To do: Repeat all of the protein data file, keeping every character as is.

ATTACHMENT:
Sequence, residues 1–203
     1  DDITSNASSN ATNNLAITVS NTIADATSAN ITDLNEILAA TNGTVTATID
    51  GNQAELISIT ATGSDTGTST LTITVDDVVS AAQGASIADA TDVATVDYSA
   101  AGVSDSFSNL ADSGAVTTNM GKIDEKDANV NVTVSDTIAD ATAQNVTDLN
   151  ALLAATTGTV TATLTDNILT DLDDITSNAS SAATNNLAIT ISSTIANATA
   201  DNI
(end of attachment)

Sequence, residues 1–203
     1  DDITSNASSN ATNNLAITVS NTIADATSAN ITDLNEILAA TNGTVTATID
    51  GNQAELISIT ATGSDTGTST LTITVDDVVS AAQGASIADA TDVATVDYSA
   101  AGVSDSFSNL ADSGAVTTNM GKIDEKDANV NVTVSDTIAD ATAQNVTDLN
   151  ALLAATTGTV TATLTDNILT DLDDITSNAS SAATNNLAIT ISSTIANATA
   201  DNI